of their deposits anil financlnl infln.
once. It means Immedldte access to
minions of dollars of other people'i
money whenever this moqey lg need
cd for Morgan purposes, it means
mo opportunity to exploit the sav
igs or Hundreds of thousands 0
Americans for tho furthoj- enrich
mem 01 a wan street, cotorlo.
"To a greater extent than for
merly tho nolicv-holriera ... n.n
tected by the Armstrong code, but
the public' IS not Caimllv nrnaM..l
In spite of codes and superintendents
ui insuranco me control of hundreds
of millions of dollars of' tho i.nn.
try's savings places a power In the
nanus or private Individuals such ai
the American nennin nov.... .....
plated Intrustlnc even in tiiot ,.,
Two days after the transfer from
uyan to Morgan of the Equitable
millions. It was rennrlml tl.nl 11,.
imrcnaso would result In extensive
oaiiKing alliances, "probably culm!
Cash or easy terms, will buy a
nice little home of 5 rooms, 2 bed
rooms, in Kaimuki. 3 minutes' walk
from car line, with 1.58 acres of
ground, with all kinds of bearing
fruit trees and fine lawn. This
place is a bargain, Let us show you.
Trent Trust Co., Ltd.
REAL ESTATE. STOCKS AND BONDS. INSURANCE
na'tlng in an Immense- merger of
trust concerns." '
This merger ,has now been consu-
Commenting on this prospect tho
World said: "This Is only another
wny ot saying that the money and
property ot the Equltablo's policy
holders are to bo used' to. Increase
Mr. Morgan's financial power and
Influence. It may be very truo
that the fights of the policy-holders
are amply safeguarded under the
lawB of New York, but there Is no
mch protection to the broader' rights
of the public, which must be accord
ed soma slight concern at least In a
transaction which further central
izes control over tho country's float
ing capital and finances.
"Mr. Morgan's purchase of tho
Equitablo may have an educational
advantage, however, In helping the
American peoplo 'to arrive at a de
cision In regard to tho desirability
of n central bank. For years they
havo watched the steady concentra
tion ot flnanlcal power in the hands
of a comparatively mnall number of
men and' are In a better position
than ever before to Judge of Its pub
lic advantages. Now. comes Mr.
Morgan with his purchase of tho
Equitable to tighten the control
Btlll further and bring It Into still
lower hands. Only n central bank,
silbtect to Wnll HtrpAl InfliiAnrA la
necessary 't&-)naKo' anuoncy-monopo-
ly complete nnd Impregnable.
"If this Is whnt tho country wants
mo trail has been blazed."
KEEP BEACH CLEAN
Editor Evening Rullotin:
Dear sir: If space will permit I
should llko to say a few words nbout
the Walklkl Reach. And In the
first place I will say that while this
beach is in many respects one of tho
finest In the warld, it still leaves
very much to be desired. And one
ot the most objectionnl features Is
the-, large amount of coral that U
still to be found closo to tho shore,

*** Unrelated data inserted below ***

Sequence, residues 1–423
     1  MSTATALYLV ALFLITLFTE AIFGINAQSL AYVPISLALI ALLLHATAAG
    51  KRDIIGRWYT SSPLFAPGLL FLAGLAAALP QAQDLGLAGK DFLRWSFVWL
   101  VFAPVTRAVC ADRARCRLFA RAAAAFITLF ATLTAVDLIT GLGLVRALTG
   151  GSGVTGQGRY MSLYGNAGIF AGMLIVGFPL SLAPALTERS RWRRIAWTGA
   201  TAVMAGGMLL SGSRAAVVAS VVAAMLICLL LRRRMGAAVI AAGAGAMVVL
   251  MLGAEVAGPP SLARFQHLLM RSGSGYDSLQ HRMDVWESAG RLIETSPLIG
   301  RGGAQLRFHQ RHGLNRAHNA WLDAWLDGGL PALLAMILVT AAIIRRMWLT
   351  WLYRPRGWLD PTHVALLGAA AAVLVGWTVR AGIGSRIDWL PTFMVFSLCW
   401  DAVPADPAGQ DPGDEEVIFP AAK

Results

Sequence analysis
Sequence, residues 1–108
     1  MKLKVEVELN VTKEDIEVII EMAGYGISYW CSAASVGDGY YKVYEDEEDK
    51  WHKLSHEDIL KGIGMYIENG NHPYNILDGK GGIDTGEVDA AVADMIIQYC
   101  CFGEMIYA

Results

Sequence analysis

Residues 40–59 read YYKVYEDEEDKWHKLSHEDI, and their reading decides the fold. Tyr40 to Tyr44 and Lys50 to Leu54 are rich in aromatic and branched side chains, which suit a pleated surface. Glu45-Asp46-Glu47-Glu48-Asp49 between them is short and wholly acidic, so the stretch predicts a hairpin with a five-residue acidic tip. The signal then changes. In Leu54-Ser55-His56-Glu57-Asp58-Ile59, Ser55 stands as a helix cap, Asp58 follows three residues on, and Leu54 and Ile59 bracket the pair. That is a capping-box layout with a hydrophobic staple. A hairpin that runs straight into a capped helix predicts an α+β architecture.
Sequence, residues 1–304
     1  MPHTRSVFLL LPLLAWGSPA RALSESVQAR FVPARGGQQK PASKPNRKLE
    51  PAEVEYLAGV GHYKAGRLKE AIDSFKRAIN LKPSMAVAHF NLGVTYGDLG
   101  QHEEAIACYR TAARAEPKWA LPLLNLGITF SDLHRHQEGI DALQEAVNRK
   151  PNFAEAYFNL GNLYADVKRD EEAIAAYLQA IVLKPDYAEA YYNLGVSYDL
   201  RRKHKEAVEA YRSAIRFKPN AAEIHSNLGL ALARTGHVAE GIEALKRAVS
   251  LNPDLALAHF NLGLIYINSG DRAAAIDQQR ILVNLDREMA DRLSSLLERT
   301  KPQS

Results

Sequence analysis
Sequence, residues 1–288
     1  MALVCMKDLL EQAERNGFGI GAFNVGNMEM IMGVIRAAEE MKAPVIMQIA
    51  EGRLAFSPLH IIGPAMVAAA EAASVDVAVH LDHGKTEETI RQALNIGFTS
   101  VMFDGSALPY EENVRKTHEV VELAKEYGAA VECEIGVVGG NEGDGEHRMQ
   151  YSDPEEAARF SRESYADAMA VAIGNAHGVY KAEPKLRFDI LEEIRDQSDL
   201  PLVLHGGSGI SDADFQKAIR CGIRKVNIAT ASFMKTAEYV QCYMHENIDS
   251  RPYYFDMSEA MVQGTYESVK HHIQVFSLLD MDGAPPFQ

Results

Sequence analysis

and against which peoplo aro con
ttantly getting hurt.
I will Bay that I know of a grcnt
number of persons who have been
badly hurt, there, and there Is said
to be one person in the hospital now
Save money by using the
Office open Sunday .mornings
from 8 to 10.
badly hurt 'from this cause.- And -1
will say, from my own experience,
that 1 know ot men who are kept
lame about half their time from
kicking against this coral and other
substances. And I know ot one
thnt got badly hurt from running
against an iron rail which Bomo one
had carelessly thrown .Into the sea.
Tliere are other objectionable sub-
ctnnces, such as limbs ot trees that
get thrown Into the sea nnd get Im
bedded In' the sand, but ii is' mainly
tlio coral that causes the most
trouble. Now, I would like to ask
If there Is no help for this stato of
things, and if nothing could ho done
to clear (he beach of these objec
tionable things. Some persons
think the prisoners could be set to
work there nnd dig out most ot
them, nnd which would certainly he
a good plan if it could be done.
Others think that 'tho hotel people
and clubs could do something to
wards clearing' the beach of some of
this coral and other material.
Certainly something' should be
done to prevent people - from throwing-
uiu -uotiien, obi ironrmu'iicH aim
ether rubbish into tho sea, which U
likely to hurt peoplo If not co-it them
their lives. SOmo of the members of
tho Outrigger Canoe Club aro do
ing what ticy cau to rid tho beach
In front of their place of' the moat
objectionable pieces of .coral, stones
and other material, but It would
lake tho united action of everyone
to do much good.
Honolulu, Dec. 29, 1901).
Editor Evening n 11 1 1 0 1 1 11 :
Tho discussion which han been going
on for soma tlmo among tho Island
people regarding their Inadequate
passenger transimrfatlon facilities
with the mnlnland leads me to ven
ture a proposal In tho hope that tho
Real Estate for Sale
Well, we have sold our College
Hills bargain advertised last week.
Our bargains seem to take,
Here are a ,few more:
Two building lots in Hanoa,
$2,000 and $950 respectively. Good
soil, good elevation and price and
At Kaimuki and Twelfth Avenue
we have four (4) of the best lots
left. This is the locality that' has
an unrivaled view of Honolulu Har
bor and the Waianae Mountains,
and where the best residences in
the tract have been built. These
lots are cleared and improved, A
bargain at $3,800.
Four fine lots in the best
These lots are a bargain,
High and sightly.
Bishop Trust Co. Ltd.
Bishop Trust Co. Ltd.
solution It offers may. appeal to somo
at least as a way out of tho present
difficulty In wlslch they And them
selves. Unped 011 the claim that tho accom
modations offered by thu severalAtiior
lean Companies are Inadequate, uncer
tain, and Ii regular, there Is an ex
pressed desire seeking recognition at
Washlngtr tljiit the Coastwise, laws
bo' suspcr It regard to tlio inien
ger Irni' ' permit Issued to for
eign ii'm .1 to engage In this
ti '( ,.'1 1 competition with Amor
K; ; ships. "'
li Ij hardly liosslhlo that Congress
will c-U'jIUU so dangerous n prece
dent. , It Is possible to conceive of circum
stances, under which Bitch a course
might be admlssaltln. .or.,.uy$ii.,adivJ?;
able but at present no such Conditions
prevail. It would tie Just as logical
to ask Congress to suspend tho duty
on an article becauBe It happened to
be scarce for the tlmo being in the
markets of tho country; such a course
would surely .defeat the very objects
for which tho tariff laws were cil;
The coastwise shipping laws were
originally enacted to forco tlio build
ing nt home of such ships as were re
quired for the home trade.' Why do
not the people of Hawaii get together